16 Sep EPA denies petitions for small refinery exemptions
NEWS RELEASE via Environmental Protection Agency
This week, the Trump Administration reaffirmed its commitment to support America’s farmers by moving forward to review and adjudicate petitions for small refinery exemptions under the Renewable Fuel Standard (RFS) Program. The U.S. Environmental Protection Agency (EPA) is denying petitions for small refinery exemptions for past compliance years, the so-called “gap-filling” petitions for the 2011-18 compliance years.
“This decision follows President Trump’s promise to promote domestic biofuel production, support our nation’s farmers, and in turn strengthen our energy independence,” said EPA Administrator Andrew Wheeler. “At the EPA, we are delivering on that promise by following the rule-of-law and ensuring 15 billion gallons are blended into the nation’s fuel supply.”
Time and time again, EPA has demonstrated through action its commitment to our nation’s farmers. As promised, EPA is ensuring a net of 15 billion gallons of conventional biofuel are blended into the nation’s fuel supply. EPA renewable fuel volume mandates have continued to rise in EPA’s annual rulemakings, and, with it, renewable transportation fuel use in the U.S. From 2016 to 2019 domestic ethanol production in increased by 2 percent. Additionally, as promised, EPA eliminated a significant barrier to E15 market access, and E15 is now used in 30 states at over 2,000 stations. As a next step, EPA is moving to update E15 labels to ensure consumers have informed choices at the pump and clarify the ability of existing fuel infrastructure to support expanded E15 use. However, much of the responsibility regarding labels falls to state agencies, EPA encourages they update them as well and stands ready to support them. EPA continues to actively engage with stakeholders to expand the number of approved fuel pathways, adding diversity to the biofuel mix in the United States.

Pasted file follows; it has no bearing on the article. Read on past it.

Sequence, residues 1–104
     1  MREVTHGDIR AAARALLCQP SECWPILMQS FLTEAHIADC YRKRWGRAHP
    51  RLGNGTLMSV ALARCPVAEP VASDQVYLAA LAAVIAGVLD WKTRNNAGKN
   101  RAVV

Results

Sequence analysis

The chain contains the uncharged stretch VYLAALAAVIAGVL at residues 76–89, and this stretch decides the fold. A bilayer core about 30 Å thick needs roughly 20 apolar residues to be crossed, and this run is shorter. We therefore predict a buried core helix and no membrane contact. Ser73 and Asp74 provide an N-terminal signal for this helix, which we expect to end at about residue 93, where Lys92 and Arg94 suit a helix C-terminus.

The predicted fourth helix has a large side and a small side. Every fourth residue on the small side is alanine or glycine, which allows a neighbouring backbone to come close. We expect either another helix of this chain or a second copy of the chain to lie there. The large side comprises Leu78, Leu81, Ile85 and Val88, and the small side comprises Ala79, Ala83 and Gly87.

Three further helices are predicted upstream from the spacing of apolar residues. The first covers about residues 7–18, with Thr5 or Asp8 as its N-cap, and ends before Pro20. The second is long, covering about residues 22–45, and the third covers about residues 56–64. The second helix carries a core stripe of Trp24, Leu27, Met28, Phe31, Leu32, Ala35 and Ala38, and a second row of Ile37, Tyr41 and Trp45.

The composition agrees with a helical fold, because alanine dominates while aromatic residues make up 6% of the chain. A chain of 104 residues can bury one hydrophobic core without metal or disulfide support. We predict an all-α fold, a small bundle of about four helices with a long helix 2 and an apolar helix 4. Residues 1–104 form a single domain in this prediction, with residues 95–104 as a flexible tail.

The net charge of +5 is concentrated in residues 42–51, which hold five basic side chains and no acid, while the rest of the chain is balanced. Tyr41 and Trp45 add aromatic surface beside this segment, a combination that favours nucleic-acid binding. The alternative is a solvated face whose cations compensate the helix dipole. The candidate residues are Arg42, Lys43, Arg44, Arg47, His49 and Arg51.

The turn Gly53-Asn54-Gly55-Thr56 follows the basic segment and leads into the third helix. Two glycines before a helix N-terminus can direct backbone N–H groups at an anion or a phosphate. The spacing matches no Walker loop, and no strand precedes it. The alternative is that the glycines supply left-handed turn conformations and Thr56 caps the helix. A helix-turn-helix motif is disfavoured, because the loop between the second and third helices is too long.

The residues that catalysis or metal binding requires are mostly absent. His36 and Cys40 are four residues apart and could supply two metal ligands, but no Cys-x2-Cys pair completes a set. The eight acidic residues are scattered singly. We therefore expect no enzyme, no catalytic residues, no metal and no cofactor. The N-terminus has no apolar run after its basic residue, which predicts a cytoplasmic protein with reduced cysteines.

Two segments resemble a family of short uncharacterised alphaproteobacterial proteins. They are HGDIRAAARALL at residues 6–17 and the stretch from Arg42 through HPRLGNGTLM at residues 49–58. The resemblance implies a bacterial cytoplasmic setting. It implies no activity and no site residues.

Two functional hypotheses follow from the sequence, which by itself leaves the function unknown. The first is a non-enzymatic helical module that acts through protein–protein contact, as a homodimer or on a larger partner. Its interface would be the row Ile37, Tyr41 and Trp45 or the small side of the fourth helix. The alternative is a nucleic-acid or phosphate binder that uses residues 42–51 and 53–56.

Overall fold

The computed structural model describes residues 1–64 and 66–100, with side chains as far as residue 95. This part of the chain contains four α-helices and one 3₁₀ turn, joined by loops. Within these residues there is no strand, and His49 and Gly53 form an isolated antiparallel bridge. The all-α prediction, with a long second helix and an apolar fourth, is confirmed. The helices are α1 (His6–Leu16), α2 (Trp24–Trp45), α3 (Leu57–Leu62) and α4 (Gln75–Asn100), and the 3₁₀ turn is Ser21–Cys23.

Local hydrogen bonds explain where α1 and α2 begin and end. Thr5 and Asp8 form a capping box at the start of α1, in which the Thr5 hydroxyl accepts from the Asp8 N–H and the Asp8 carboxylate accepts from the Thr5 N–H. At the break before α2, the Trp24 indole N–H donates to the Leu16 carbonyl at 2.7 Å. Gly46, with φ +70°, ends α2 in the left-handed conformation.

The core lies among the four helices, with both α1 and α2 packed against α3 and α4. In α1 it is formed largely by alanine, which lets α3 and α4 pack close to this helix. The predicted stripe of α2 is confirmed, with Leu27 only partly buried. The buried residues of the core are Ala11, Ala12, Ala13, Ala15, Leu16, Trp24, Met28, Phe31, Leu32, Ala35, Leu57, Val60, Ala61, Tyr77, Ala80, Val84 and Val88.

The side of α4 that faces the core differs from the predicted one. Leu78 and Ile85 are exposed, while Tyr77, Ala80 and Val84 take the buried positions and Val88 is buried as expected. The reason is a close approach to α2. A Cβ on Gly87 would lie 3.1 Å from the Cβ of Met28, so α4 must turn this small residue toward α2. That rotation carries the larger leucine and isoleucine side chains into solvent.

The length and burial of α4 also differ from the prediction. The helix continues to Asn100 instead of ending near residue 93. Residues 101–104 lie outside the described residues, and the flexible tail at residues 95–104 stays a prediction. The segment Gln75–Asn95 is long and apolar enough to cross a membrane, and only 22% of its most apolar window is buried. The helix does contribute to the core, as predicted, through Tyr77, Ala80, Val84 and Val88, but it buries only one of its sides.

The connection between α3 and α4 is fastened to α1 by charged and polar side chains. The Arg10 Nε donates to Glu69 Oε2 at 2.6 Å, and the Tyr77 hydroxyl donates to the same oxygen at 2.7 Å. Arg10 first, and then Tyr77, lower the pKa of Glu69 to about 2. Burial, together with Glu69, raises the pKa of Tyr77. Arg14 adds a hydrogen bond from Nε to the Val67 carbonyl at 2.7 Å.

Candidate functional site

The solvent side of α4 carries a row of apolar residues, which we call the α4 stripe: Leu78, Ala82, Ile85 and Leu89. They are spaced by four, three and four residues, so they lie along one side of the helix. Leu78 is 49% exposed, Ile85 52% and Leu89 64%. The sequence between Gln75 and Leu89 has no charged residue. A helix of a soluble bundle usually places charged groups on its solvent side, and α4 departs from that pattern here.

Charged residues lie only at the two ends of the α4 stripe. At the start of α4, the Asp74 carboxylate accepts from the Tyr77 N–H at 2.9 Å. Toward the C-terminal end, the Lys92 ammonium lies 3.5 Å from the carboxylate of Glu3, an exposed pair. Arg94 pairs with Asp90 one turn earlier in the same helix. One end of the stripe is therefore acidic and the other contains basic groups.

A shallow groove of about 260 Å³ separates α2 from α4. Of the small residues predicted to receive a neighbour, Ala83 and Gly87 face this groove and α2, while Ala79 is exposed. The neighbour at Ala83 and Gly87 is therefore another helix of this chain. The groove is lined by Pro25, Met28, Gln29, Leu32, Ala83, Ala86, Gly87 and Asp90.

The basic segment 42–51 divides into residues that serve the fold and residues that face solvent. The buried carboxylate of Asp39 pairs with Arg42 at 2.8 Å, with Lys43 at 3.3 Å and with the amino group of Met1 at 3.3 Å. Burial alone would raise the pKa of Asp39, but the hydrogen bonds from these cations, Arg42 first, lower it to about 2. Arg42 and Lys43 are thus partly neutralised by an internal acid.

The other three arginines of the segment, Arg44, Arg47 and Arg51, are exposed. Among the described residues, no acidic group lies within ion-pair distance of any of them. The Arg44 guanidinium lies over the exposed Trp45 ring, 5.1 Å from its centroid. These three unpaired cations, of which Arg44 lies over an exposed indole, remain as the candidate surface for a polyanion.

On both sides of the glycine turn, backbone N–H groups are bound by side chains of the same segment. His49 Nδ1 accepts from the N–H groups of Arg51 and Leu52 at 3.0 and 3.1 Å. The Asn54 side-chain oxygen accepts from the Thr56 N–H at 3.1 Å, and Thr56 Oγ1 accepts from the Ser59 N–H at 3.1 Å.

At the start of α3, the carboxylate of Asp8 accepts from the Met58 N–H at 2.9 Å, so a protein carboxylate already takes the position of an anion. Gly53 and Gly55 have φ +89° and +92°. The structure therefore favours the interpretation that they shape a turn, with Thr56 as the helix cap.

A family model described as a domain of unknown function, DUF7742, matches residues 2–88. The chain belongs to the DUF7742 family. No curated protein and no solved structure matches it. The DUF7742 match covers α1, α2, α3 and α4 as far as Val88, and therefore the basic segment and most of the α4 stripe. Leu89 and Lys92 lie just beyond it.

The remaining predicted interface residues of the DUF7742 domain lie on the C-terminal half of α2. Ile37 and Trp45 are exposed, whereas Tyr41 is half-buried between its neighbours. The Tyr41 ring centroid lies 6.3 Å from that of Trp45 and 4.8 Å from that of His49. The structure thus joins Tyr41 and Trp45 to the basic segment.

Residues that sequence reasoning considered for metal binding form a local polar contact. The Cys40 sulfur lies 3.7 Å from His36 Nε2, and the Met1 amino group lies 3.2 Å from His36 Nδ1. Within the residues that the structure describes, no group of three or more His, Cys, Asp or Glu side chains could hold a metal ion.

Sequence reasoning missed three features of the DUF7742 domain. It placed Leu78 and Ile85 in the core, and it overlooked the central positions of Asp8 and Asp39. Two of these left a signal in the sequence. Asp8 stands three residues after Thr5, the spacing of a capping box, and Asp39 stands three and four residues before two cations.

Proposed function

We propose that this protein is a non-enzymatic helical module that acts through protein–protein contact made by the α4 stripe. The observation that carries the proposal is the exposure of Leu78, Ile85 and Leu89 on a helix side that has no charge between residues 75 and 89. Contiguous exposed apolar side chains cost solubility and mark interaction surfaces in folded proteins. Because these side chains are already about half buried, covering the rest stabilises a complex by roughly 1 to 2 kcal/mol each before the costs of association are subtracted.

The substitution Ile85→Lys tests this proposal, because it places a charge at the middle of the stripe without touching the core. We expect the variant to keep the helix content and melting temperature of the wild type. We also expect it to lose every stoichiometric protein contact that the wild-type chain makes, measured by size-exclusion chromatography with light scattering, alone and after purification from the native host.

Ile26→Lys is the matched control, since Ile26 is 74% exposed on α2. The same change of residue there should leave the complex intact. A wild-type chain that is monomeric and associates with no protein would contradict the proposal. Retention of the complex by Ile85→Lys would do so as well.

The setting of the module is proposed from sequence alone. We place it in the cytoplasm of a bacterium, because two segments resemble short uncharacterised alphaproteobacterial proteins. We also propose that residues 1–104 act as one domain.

The Clean Air Act requires EPA to set annual RFS volumes of biofuels that must be used for transportation fuel for four categories of biofuels: total, advanced, cellulosic, and biomass-based diesel. EPA implements the RFS program in consultation with the U.S. Department of Agriculture, the U.S. Department of Energy, and consistent with the Clean Air Act. EPA’s longstanding interpretation of the Clean Air Act allows for the granting of a petition for exemption from blending requirements under the RFS program for the reason of demonstrated, disproportionate economic hardship.